Surface Hub 2S Hands-On: Microsoft's Future of Work

At a press event in New York City today, Microsoft debuted the Surface Hub 2S. It’s the company’s latest office collaboration platform with a 50.5-inch 4K touchscreen display, a 3:2 aspect ratio and a webcam. It’s also battery-powered for when you want to wheel it away from a wall.

According to Surface head Panos Panay, that last feature will makes work displays mobile in the same way that laptops made personal computing more portable. In fact, the entire demo was performed with a unit unplugged from the wall. Representatives couldn't confirm final battery time but said current testing is pointing to just under two hours, but said it charges in roughly 90 minutes.

Surface Hub 2S will start shipping in June for $9,000. Users can upgrade with a computing cartridge that fits in the back of the Surface Hub 2S. Additionally, an 85-inch model will be available with similar features.  An 85-incher is planned for later this year. The more advanced version, the Surface Hub 2X, is scheduled for 2020.

The Surface Hub 2S uses a suite of Microsoft 365 apps and has Microsoft Teams on board. There’s a whiteboard app for sketching out ideas. Meanwhile, the 4K camera has a 90-degree field of view, and the speakers include tweeters and a subwoofer in the back.

It comes with a stylus for whiteboarding, as well. The Whiteboard app allows for real-time co-editing from anywhere. The app is cross-platform, so users can contribute from the Hub, Windows PCs, Android and iOS. Additionally, pictures from old ink whiteboards can be brought into the Whiteboard app with Microsoft's AI. In a hands-on, I was able to use the app to make tables and convert my handwriting to more legible text (though there were some flubs). I also got to talk with four "co-workers" who could see what was on mu display. It was much more of a hands-on, collaborative feel than the video calling I do day-to-day, which at best has a shared screen.

The Surface Hub 2S has a modular compute unit, which will enable an update to the 2X later this year. A hardware rep said it uses an 8th Gen quad-core Intel Core i5 CPU, but didn't elaborate on what kind. This removable computer is also designed to allow for easier servicing. It also uses 8 GB of DDR4 RAM and a 128 GB M.2 SSD. There are four USB Type-C ports around the sides of the unit (you'll plug the camera into one of them), as well as HDMI, USB Type-A and another USB Type-C on the compute unit.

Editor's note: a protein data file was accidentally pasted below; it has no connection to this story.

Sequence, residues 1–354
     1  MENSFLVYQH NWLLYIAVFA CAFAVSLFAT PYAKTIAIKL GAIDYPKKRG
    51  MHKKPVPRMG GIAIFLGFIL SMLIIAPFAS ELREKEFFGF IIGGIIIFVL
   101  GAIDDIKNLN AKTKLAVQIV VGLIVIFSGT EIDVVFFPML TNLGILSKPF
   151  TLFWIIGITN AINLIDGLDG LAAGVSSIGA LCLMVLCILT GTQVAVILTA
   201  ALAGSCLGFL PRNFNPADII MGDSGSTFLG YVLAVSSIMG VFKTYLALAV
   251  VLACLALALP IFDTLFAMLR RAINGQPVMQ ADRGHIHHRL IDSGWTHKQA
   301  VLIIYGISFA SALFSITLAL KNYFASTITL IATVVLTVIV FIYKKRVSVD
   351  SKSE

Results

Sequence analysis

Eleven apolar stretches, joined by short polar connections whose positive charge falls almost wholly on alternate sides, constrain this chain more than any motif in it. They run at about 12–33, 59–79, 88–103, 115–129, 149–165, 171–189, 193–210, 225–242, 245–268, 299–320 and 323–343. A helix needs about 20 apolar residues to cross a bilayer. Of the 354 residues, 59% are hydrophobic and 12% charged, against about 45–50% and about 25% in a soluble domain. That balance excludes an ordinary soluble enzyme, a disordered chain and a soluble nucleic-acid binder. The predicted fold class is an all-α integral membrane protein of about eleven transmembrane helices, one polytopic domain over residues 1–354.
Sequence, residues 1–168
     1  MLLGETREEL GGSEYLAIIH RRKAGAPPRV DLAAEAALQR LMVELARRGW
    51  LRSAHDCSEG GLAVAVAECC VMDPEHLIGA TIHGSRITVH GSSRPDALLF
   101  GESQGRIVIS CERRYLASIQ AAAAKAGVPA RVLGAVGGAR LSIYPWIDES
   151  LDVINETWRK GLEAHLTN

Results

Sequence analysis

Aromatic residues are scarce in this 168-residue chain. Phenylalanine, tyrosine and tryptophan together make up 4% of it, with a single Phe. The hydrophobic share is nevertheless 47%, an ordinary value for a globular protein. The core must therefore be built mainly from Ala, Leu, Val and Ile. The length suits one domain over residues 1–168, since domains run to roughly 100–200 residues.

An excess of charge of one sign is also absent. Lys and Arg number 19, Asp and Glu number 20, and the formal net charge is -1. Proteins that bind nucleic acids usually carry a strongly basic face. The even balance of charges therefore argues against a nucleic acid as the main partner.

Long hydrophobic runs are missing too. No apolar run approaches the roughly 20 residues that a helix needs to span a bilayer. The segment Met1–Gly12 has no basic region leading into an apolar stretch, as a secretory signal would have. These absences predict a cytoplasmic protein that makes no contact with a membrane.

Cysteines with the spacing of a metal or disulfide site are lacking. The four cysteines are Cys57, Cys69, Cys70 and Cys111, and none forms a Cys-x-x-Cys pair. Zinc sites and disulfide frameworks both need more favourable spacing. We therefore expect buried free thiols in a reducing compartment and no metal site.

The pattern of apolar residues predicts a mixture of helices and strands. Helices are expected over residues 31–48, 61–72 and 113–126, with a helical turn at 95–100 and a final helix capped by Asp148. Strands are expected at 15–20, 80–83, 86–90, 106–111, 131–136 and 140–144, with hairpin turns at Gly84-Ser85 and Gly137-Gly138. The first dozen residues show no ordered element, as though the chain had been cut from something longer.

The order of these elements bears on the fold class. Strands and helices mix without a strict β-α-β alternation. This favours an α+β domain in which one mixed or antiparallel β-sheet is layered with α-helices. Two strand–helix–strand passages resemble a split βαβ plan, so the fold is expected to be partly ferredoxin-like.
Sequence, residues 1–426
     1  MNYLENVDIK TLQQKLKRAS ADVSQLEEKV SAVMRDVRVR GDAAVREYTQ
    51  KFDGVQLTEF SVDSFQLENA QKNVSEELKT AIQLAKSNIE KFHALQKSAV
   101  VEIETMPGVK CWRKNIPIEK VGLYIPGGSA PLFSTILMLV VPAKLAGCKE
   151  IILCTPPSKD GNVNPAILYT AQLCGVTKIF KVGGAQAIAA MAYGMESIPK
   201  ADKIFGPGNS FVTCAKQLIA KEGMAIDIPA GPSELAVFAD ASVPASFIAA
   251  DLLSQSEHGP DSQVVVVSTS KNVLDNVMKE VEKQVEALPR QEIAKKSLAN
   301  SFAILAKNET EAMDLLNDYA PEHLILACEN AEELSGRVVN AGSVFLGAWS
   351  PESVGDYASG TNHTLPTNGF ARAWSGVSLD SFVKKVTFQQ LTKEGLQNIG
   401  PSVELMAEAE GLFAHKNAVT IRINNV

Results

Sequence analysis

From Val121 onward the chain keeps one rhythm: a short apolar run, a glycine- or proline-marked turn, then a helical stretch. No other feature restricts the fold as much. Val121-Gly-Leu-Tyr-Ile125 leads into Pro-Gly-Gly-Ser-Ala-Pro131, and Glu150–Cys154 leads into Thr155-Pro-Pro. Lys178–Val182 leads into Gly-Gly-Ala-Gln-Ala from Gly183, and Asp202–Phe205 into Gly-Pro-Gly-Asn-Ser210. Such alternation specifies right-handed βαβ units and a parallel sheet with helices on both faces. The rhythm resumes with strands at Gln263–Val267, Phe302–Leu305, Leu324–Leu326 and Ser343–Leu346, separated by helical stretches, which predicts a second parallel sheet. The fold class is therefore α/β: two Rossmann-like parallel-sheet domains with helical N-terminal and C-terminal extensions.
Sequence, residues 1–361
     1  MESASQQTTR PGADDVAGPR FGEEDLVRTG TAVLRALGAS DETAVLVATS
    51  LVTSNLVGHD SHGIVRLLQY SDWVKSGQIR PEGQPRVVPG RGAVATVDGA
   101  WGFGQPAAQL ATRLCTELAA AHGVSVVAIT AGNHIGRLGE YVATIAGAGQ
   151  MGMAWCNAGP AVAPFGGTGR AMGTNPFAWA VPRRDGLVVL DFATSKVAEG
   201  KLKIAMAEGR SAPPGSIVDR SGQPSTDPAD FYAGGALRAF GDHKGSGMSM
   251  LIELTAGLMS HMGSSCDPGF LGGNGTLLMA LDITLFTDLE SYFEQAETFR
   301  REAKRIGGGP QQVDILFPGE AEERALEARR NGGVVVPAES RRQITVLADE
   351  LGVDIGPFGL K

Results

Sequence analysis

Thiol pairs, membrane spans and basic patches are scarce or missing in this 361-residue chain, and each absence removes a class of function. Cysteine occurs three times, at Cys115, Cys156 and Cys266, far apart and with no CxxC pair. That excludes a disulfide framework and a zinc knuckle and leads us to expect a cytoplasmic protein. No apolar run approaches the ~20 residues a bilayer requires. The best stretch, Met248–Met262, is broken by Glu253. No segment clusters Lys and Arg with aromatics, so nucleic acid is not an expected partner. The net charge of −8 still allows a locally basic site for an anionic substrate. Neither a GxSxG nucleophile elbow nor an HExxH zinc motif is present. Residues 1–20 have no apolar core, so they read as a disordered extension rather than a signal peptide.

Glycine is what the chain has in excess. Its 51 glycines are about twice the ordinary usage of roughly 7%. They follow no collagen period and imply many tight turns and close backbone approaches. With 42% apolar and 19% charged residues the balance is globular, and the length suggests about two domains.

The 2S doesn't support rotation, and the modular unit keeps it from rotating. The 2X option, however, won't block it and will support it in the software.

“People are spending more time right now collaboration than they ever have before,” Panay said. ”This is worldwide.” People, he suggested, are the biggest asset. Hearing intonation, seeing facial expressions, no matter how a group is spread out, makes teamwork more effective. In a demonstration meeting, presenters invited the Hub to a meeting, just like a member. Each user showed up in 1080p on the display.

Microsoft partnered with office design, collaboration and furniture company Steelcase, which held the event at its offices. 

James P. Keane, CEO of Steelcase, discussed the challenges of innovation and making people work differently with cultures focused on teamwork, as well as the technologies that enable it, like cloud computing.

“Space is a bit of an anchor,” Keane said. He said Steelcase built new spaces, including in warehouses, that included less fixed furniture that could be moved around with people. But it also needed to focus on the needs of individuals within those teams. The exec said the one that worked most with Microsoft’s new Surface Hub 2 was the meeting room, allowing for “active collaboration."

Keane introduced Steelcase’s Flex Collection, furniture that moves on wheels, walls for privacy and whiteboards that can be dragged around, all pointing to an office with furniture that doesn’t stay in one place. Among those is the Steelcase Roam, a stand designed for the Surface Hub.

Among the other items in the collection are standing desks that can move and boundary devices for individuals, plus larger ones with sound-absorption to make makeshift rooms.

Image credits: Tom's Hardware

Andrew E. Freedman

Andrew E. Freedman is a senior editor at Tom's Hardware focusing on laptops, desktops and gaming. He also keeps up with the latest news. A lover of all things gaming and tech, his previous work has shown up in Tom's Guide, Laptop Mag, Kotaku, PCMag and Complex, among others. Follow him on Threads @FreedmanAE and Mastodon

  • Rdslw
    Looking at microsoft "kind of treatment" while @ work, it will begin update while you prepare to present critical stuff.